I love gifting jam, but sometimes you don’t know if the recipient likes seeds in their spread. So, I like to make this seedless raspberry jam without pectin just to have on hand for those potential anti-seed folks. This jam has simple ingredients, but I’m not going to lie to you: seedless jam is significantly more work. This recipe makes a small batch, so it is a good intro to seedless jam making if you’re just testing out the waters.
Begin by mashing up your raspberries. You do not need to pulverize them, just break them up a bit. It is always best to use ripe berries; however, under-ripe berries actually have more natural pectin in them which will help the jam to gel, so I try to incorporate as many under-ripe berries as I can (no more than 1/4 of the total, though, otherwise you start to lose flavor).
Next, put the berries into a medium-sized pot and heat on medium-low. The heat will encourage the berries to break apart and release their juices. Most importantly, it will help the seeds to separate from the fruit. We do not want any boiling or cooking at this point, just a thorough heating.
While the berries are heating up, set up a bowl and strainer next to your stove. I use this sieve because it can easily go on top of any bowl. It comes with a flat tool that I use to push the berries through, and then use to scrape off all the seeds. Luckily that white little scraper clips onto the side of the sieve when not in use, otherwise I would definitely lose it in the big inevitable berry mess. This sieve works great for my needs, but if you have a lot of anti-seed people in your life, I would recommend getting a food mill to make this whole process a little easier on your hands.
Once the berries are heated through, reduce the heat to low and work in batches to strain out the seeds. I usually ladle 2-3 scoops of berries onto my sieve at a time, push them through, scrape the seeds into a separate bowl, and then scoop on another batch of berries. In short: mash, heat, scoop, strain, scrape, repeat.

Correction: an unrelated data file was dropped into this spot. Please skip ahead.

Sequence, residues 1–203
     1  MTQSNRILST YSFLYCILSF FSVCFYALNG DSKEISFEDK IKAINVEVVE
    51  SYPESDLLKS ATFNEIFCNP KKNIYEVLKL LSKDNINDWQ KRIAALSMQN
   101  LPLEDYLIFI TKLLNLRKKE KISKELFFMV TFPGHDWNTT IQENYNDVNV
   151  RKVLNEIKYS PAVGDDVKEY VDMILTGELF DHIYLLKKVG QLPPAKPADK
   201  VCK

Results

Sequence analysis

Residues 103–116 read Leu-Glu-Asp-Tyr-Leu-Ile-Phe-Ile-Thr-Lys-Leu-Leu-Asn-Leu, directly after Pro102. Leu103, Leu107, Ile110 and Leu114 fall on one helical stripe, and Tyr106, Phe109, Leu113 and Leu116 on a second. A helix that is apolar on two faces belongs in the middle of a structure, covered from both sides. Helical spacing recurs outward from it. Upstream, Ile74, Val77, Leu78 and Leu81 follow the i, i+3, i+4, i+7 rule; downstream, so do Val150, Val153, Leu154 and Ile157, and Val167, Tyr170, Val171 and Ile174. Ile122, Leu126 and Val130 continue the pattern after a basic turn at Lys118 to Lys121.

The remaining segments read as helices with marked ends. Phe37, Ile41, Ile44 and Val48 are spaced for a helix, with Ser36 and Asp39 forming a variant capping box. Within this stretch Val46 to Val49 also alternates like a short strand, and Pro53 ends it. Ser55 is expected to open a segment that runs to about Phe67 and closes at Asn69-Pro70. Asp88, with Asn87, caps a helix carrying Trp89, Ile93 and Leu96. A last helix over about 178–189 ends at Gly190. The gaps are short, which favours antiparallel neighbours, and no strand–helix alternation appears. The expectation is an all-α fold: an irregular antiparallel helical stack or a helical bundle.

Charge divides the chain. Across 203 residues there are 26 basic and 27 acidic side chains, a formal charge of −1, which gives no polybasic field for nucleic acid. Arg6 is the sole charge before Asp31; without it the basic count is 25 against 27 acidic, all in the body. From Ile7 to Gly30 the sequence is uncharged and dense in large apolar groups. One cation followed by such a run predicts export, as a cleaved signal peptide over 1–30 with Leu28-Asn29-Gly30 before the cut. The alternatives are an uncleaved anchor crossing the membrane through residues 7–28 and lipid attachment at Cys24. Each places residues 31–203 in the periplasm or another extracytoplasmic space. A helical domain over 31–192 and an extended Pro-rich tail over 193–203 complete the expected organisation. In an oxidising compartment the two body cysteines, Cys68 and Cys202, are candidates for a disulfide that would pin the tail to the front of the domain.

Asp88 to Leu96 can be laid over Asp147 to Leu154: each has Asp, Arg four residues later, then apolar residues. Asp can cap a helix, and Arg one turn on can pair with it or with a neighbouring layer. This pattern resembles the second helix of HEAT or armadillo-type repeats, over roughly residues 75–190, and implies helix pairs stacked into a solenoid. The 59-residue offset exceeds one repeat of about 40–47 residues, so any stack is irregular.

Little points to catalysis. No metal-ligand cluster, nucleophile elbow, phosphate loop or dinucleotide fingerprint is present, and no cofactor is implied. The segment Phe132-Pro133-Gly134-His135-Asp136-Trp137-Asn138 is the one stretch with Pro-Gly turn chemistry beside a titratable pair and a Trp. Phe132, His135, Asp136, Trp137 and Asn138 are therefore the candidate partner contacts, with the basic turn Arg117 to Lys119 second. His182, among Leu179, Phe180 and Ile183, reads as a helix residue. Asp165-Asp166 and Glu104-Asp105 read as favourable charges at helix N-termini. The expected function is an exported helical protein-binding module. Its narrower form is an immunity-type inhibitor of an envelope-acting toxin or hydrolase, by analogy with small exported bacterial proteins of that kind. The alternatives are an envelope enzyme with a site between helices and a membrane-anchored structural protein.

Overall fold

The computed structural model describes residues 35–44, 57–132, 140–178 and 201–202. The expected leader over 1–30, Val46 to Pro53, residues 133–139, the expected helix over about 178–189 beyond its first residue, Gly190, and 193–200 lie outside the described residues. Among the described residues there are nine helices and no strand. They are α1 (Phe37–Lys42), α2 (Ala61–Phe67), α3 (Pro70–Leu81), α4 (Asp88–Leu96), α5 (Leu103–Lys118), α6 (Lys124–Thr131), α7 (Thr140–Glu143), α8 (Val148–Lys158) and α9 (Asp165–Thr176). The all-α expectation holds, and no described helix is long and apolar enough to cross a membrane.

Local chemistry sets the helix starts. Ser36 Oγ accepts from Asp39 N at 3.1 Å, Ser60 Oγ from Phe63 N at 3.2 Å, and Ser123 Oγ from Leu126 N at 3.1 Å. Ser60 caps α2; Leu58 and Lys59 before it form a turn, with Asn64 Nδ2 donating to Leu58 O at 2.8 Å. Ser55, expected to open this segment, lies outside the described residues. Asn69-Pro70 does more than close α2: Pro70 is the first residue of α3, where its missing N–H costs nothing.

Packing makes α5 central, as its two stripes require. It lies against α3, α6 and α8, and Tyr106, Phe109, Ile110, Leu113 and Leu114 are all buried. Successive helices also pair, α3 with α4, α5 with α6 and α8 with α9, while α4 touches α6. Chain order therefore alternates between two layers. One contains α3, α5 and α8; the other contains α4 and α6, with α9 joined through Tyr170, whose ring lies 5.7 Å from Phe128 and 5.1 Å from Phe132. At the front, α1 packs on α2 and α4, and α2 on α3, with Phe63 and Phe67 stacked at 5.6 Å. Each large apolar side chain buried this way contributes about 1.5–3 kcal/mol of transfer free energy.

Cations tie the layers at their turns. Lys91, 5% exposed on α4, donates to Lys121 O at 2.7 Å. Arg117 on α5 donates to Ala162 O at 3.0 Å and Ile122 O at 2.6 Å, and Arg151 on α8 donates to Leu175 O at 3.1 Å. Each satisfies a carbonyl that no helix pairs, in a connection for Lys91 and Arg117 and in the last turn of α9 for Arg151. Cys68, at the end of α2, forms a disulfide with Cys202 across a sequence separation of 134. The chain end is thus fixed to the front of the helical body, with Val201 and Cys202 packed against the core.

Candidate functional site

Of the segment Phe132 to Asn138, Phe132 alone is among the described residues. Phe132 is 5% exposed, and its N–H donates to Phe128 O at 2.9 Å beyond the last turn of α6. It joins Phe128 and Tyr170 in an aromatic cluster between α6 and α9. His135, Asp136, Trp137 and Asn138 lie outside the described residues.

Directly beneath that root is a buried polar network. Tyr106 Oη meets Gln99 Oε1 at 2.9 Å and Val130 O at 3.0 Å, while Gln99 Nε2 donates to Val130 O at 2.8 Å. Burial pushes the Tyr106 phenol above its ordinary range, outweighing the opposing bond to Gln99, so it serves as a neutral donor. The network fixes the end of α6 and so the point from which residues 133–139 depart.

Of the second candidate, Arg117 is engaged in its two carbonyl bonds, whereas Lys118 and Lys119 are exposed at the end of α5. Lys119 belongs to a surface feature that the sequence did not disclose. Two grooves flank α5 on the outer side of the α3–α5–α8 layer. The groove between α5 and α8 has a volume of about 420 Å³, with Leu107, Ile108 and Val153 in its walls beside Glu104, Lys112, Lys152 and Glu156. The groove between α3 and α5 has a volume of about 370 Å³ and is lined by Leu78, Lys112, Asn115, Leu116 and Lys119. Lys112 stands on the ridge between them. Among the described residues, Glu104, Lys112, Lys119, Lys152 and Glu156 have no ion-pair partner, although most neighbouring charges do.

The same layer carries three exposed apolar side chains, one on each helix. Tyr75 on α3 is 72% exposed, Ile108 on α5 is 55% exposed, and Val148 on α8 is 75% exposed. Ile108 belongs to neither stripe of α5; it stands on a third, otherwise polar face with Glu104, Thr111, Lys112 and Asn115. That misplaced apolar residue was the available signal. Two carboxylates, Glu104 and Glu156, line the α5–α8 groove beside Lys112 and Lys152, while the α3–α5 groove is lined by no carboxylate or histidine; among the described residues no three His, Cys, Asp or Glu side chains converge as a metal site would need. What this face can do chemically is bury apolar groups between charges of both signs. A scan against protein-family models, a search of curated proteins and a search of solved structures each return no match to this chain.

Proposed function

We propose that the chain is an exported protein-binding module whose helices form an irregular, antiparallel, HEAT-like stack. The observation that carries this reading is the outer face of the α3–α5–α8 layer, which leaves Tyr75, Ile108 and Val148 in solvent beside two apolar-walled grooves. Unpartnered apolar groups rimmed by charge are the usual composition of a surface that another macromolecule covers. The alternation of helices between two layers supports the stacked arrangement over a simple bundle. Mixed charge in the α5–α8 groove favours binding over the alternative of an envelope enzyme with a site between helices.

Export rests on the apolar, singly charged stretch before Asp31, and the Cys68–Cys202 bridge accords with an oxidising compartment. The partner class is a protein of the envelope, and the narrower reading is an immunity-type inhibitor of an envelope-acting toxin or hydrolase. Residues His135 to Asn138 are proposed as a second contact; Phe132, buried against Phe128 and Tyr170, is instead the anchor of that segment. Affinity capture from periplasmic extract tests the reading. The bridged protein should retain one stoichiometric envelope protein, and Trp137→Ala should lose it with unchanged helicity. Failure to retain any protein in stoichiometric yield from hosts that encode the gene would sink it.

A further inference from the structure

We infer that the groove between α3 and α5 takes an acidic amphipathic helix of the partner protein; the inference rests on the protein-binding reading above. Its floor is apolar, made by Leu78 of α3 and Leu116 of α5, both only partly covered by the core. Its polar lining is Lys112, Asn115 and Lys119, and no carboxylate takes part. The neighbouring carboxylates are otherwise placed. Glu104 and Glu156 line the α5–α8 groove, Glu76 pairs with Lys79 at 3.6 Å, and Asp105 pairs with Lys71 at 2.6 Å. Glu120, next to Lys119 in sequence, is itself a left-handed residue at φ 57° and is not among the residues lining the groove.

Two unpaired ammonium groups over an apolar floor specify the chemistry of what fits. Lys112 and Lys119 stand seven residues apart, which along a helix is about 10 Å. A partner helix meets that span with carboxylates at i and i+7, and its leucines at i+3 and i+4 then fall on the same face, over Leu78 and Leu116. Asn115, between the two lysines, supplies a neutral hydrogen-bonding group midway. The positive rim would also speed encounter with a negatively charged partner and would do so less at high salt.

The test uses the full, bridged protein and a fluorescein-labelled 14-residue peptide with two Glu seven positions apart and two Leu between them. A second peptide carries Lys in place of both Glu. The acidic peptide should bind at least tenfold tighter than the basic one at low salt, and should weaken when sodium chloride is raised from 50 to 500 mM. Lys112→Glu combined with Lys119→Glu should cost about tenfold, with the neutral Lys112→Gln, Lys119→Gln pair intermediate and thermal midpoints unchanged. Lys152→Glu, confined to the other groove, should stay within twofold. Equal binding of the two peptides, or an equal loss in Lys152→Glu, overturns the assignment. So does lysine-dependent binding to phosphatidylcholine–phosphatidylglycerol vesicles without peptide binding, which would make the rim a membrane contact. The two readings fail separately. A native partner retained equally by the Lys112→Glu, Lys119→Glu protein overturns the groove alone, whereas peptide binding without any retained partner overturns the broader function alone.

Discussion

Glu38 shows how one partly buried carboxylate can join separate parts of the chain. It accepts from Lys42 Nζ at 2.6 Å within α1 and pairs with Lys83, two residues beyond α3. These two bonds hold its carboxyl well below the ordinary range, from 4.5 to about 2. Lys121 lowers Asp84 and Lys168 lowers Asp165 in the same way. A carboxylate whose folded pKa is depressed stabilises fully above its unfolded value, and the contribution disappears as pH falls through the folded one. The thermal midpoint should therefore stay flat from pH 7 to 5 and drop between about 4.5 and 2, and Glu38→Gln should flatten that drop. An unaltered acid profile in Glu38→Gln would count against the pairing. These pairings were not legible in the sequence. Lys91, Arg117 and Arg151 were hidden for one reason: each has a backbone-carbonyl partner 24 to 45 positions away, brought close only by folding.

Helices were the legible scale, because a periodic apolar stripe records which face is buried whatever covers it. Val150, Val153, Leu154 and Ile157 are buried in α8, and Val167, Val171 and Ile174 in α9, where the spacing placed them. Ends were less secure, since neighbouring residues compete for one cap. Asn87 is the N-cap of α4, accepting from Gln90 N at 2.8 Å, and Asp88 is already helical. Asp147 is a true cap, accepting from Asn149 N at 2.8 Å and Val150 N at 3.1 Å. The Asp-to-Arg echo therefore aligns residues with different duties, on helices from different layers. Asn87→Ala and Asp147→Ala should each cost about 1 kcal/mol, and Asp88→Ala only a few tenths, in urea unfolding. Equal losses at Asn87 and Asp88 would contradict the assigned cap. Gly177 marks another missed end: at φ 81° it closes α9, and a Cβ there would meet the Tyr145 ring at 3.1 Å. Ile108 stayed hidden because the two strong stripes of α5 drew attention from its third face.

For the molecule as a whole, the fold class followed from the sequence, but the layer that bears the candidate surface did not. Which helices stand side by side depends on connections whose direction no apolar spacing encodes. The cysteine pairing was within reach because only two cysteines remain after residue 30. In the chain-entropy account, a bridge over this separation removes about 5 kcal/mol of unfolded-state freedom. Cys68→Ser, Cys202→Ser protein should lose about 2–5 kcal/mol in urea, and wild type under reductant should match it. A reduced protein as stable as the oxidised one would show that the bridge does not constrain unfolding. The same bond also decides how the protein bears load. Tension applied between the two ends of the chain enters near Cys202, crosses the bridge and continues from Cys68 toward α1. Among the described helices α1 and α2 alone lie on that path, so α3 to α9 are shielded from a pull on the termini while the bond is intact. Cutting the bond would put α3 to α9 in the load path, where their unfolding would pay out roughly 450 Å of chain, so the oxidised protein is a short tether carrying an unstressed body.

You need to keep straining berries until you have 4 cups of seedless juice. I had to use about 3.5 lbs of berries to get that much, but this could vary depending on the size and juiciness of your berries. The whole recipe can be worked in batches if you are unsure of how many berries you’ll need. Again: mash, heat, scoop, strain, scrape, repeat.
Once you have 4 cups of seedless juice, add it back to your pot (make sure there are no straggler seeds in there first!) with the sugar and lemon. Turn the heat to medium, and stir constantly until the mixture reaches a slow, steady boil.
Place a small plate in your freezer. When the jam looks like it has thickened up (about 20 minutes), take the plate out and scoop a teaspoon of the hot jam onto it. Put the plate back in the freezer for 2-3 minutes, and then use your finger to test the cooled jam consistency. If you draw a line in the jam with your finger, the jam should not be runny enough to fill the line back in–you want a solid gel that will stay put. Keep cooking the jam until it passes the cold plate test.
Tip: If you like raspberry topping with your breakfast or dessert, pull some of the jam mixture out about mid-way through the cooking process (before it gels completely). Ta-da! Homemade raspberry topping. You can preserve it via the canning process, or just store it in the fridge. You can also use it as topping on desserts, like my raspberry cheesecake.
When the jam has set up (gelled) you can either store it in jars in the fridge OR follow my instructions for water bath canning to give your jam a longer shelf life. Either way, you’ve just made fresh seedless raspberry jam without pectin!
- 4 cups raspberry juice with seeds removed
- 3 cups sugar
- Juice and zest of 1 lemon
- Mash raspberries in a bowl. Transfer to cooking pot and heat on medium-low until berries start to release their juice.
- Working in batches, scoop the warm berries into your sieve and strain out the seeds. Keep straining until you have 4 cups of juice.
- Heat the raspberry juice, sugar, and lemon on medium until boiling. After 20 minutes, test for doneness. Continue cooking until the mixture gels.
- Store in fridge or can in jars using proper procedures